As much as I was satisfied with the new thriller “Boarding Gate,” I wouldn’t dare recommend it to anyone. This is the type of film best left to be stumbled upon late one night when either fatigue or booze has its sweaty grip on you; when hazy images, bizarre notions of human behavior, and muddled logic are better appreciated, or at the very least, more easily tolerated.
Sandra (Asia Argento) is a small-time criminal caught between lovers and schemes. When a drug deal goes south, Sandra is pushed to confront her violent, kinky relationship with businessman Miles (Michael Madsen) to protect herself. At the same time, she’s challenged by Lester (Carl Ng), another lover who wants to get rid of Sandra, but can’t quite bring himself to follow through. Sent around the globe to sort herself out, Sandra is met with double-crosses and attempts on her life, leaving her in a state of confusion as she switches over to survival mode.
“Gate” comes from director Olivier Assayas, the noted French filmmaker behind wildly uneven, potent fare such as “Irma Vep,” “Clean,” and “Demonlover.” He’s never been my first choice when it comes to emotionally resonant cinema, and “Gate” continues that tradition with this sleepy, strange thriller. It’s tough to say if this is Assayas’s most polarizing work to date, but I’m confident it’s in the top three.
“Gate” is essentially a theatrical production packaged as a light international crime thriller. There’s little in the way of pep; the screenplay instead draws its personality from extended exchanges between the characters, best sampled within the scenes centered on Sandra and Miles. As two frayed ends trying to clean up their acts, the characters psychologically square dance with each other for everlasting takes. There’s little in the way of biting dialogue to enjoy, but Madsen and Argento (the Jackson Pollock of splattered sensuality) look to be enjoying the performance limbo, which eventually gives way to complicated outbursts of sexual tease and libido collapse. The two scenes they share make up nearly 1/3 of the running time, and for some, the slow-drip moments will feel like torture. However, there is undeniable tension between the actors and an uncommon undercurrent of lustful unpredictability in the scenes.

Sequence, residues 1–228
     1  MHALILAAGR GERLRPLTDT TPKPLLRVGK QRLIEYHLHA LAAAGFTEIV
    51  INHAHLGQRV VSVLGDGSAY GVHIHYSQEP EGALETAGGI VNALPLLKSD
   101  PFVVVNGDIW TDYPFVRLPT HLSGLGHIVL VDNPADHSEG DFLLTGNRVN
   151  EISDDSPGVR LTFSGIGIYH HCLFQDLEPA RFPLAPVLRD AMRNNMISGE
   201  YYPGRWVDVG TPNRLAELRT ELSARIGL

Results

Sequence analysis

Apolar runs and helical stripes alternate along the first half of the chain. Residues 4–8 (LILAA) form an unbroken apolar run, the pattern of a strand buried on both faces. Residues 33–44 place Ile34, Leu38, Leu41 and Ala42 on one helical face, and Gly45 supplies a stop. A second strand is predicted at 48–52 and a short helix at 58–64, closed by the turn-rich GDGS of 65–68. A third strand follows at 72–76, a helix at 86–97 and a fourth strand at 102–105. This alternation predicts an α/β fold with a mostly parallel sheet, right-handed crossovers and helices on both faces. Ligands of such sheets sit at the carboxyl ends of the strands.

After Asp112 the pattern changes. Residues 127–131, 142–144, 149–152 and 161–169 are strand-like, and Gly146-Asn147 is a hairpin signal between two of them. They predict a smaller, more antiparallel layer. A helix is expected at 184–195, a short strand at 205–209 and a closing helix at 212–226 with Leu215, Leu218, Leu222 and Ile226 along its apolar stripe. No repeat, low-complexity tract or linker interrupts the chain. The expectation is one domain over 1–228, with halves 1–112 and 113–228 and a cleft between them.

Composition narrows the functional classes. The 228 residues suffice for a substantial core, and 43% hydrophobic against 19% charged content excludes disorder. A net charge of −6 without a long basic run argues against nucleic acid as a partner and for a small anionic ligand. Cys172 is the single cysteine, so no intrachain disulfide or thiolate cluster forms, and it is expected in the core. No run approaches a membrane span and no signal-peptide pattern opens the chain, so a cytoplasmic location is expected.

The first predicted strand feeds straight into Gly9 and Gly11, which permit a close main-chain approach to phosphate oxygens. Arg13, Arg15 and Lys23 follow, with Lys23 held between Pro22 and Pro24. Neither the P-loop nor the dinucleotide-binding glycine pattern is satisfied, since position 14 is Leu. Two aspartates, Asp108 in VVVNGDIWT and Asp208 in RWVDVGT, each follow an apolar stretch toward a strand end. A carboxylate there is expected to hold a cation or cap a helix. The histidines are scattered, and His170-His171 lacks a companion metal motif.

Once “Gate” breaks out of its gaze and travels to Hong Kong, it transforms into something more routine, but not completely without surprises. Sonic Youth’s Kim Gordon arrives for a cameo as Sandra’s underworld guardian angel, and the final movement of the picture has some nice Hitchcockian touches without sprinting towards an all-out thriller extravaganza.
“Gate” is no easy sit. Assayas isn’t going to win any new fans with this picture, but there’s something oddly persuasive about the mood generated by the filmmaker that’s painless to zero in on. It’s not a perfect movie. At times, it’s not even a movie. Yet the overall taste “Boarding Gate” leaves behind is intriguing enough to appreciate the whole elongated enterprise.